There’s something incredibly satisfying and rewarding in making your own alcohol to serve to family and friends, or enjoy by yourself after a long hard day at work. As a vodka enthusiast, I don’t find the vodka types available at the local stores as appealing as the vodka that my grandfather used to make. Note that I have Russian heritage, so you could say that it’s in the blood. But I digress, you don’t have to be Russian to love vodka, and you don’t need any special family recipe or equipment to successfully do so.
Nowadays, you can get all the vodka distilling equipment you need online, and just come up with a unique recipe of your own. If you’re up to the challenge, here’s what you need to know in order to make a good batch of vodka on the first try.
Type of Vodka Mash
Quality vodka starts with a quality mash. There are many different types of mashes to choose from, the most common being rye, wheat, corn, potato, molasses and beet. For me, it’s a no brainer, potato mash trumps all, it’s just the Russian in me, which is why I’ll focus on potato vodka. The recipe I use requires 25 litres of water, 10kg potatoes, and 2.5kg crushed malted barley. You’ll also need a mash pot, a heat source, a long spoon and thermometer. The procedure goes something like this:
-Scrub the potatoes to remove residual dirt, then cut them up in cubes.
-Boil them for 20 minutes in the 25 litres of water.
-Use an immersion blender to mash them, or just do it by hand.
-Move the mash in the mash pot and add a little bit more water so the total volume reaches 25 litres again.
-Raise the heat to 60°C and stir the mixture.
-Add the crushed malted barley, and keep stirring.
-Hold the temperature for 20 minutes, and stir every 4 minutes for about 30 seconds.
-After 20 minutes, raise the temperature to 65°C and keep stirring every 10 minutes for 30 seconds, for an hour.
-Perform a gravity reading, if below 1.065, add sugar so it gets to 1.065.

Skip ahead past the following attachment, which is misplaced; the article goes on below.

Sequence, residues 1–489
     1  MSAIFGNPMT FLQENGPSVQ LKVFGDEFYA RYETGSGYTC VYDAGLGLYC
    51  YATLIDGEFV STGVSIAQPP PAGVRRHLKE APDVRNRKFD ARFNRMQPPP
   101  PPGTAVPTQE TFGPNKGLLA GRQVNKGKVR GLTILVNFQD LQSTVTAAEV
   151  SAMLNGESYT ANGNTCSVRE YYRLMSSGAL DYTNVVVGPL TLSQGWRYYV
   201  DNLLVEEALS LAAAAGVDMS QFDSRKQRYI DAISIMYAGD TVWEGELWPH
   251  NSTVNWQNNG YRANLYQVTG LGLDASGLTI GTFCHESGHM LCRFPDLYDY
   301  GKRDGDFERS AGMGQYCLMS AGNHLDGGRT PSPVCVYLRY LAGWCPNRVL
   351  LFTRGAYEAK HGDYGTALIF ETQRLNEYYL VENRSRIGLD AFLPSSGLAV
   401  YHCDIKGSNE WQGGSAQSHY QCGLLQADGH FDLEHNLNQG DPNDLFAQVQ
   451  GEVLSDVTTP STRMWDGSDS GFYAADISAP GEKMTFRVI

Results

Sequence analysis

-Cool the mash overnight to 24°C to give barley enzymes more time to break down the potato starches.
Now, it’s time to ferment your potato vodka mash. You’ll need the following materials: a fermentation bucket, yeast, siphon, cheesecloth, citric acid, Iodine, a pH meter and hydrometer. The process is pretty straightforward.
-First, you need to create a yeast starter by sanitising a standard mason jar.
-Next, pour 120ml of 43°C water into the jar.
-Add 2 teaspoons of sugar and stir thoroughly.
-Mix in the yeast.
-Stir thoroughly again.
-Let it sit for 20 minutes and the mixture’s volume should double in that time.
Next, move the mash liquid only to the fermentation bucket using a strainer. Try to make as much splash as possible without losing liquid. Then, add the yeast started to the bucket before adding the ferment mixture and airlock. Store it at room temperature and wait two weeks. You can use iodine to check whether the fermentation is done. First, take a sample off the top of your wash and put the sample on a white lid or plate. Drip a few iodine drops, if the sample turns blue – it means the iodine is reacting to the present starches. If there aren’t any starches, the fermentation isn’t done, so give it a few more days. You can also use a hydrometer to measure the alcohol by volume. Once the fermentation is done, you’ll need to remove the solid materials, which are responsible for headaches. A cheesecloth is great for this purpose.
If you’ve reached this point, you’ve actually produced your vodka. However, that doesn’t mean you’re done. Now you have to distil it. Vodka distilling includes separating the good from the bad, the vodka from the other stuff in the batch you don’t really want. In order to do this, you’ll need a still, fermented and strained mash water, column packing and cleaning products.
First, you’ll need to prepare your still by cleaning it. After you’ve cleaned it, add clean copper packing to the column. Since vodka is a high-proof spirit, you’ll want to get the most reflux during the run. If you own a condenser, hook up the water input and output. Lastly, add the wash to the still with the help of an auto-siphon. You want to reduce the amount of sediment in the wash as much as possible.
Next, you’ll want to fire up the still. Make sure the column is packed with copper packing, and any columns, domes, hoses or condensers are attached securely before you turn on the heat source and start raising the temperature. If you’re using a condenser, turn on the water when the boiler reaches 55°C, or if you’re using a copper still, apply flour past to the joint between the column and vapour cone once it reaches 43°C. At about 75°C, the still will start producing, which is when you’ll want to dial in the heat source setting to achieve 1-3 drips per second consistently.